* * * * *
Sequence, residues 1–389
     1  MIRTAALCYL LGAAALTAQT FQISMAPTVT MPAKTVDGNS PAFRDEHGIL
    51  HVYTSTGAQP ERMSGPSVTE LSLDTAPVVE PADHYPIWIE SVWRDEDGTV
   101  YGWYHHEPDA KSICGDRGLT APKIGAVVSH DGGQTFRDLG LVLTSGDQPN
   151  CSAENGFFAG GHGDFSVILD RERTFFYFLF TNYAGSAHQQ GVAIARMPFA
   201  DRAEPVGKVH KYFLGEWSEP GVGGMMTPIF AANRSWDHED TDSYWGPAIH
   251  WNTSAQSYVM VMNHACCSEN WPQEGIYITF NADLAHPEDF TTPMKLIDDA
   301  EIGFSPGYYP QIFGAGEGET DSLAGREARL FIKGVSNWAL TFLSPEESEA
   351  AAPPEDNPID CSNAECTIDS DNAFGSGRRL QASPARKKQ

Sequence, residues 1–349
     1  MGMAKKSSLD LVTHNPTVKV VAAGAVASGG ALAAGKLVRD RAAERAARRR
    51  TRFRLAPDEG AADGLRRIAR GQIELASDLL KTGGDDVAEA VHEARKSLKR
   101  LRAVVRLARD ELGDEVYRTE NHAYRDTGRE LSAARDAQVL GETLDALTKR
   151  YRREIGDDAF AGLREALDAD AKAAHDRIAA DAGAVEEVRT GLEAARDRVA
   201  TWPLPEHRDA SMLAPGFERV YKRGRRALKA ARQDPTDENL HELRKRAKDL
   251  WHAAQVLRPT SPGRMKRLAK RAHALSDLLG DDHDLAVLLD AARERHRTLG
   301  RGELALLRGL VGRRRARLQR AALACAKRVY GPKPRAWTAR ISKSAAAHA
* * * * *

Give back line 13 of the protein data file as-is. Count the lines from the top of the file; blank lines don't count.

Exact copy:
   101  LRAVVRLARD ELGDEVYRTE NHAYRDTGRE LSAARDAQVL GETLDALTKR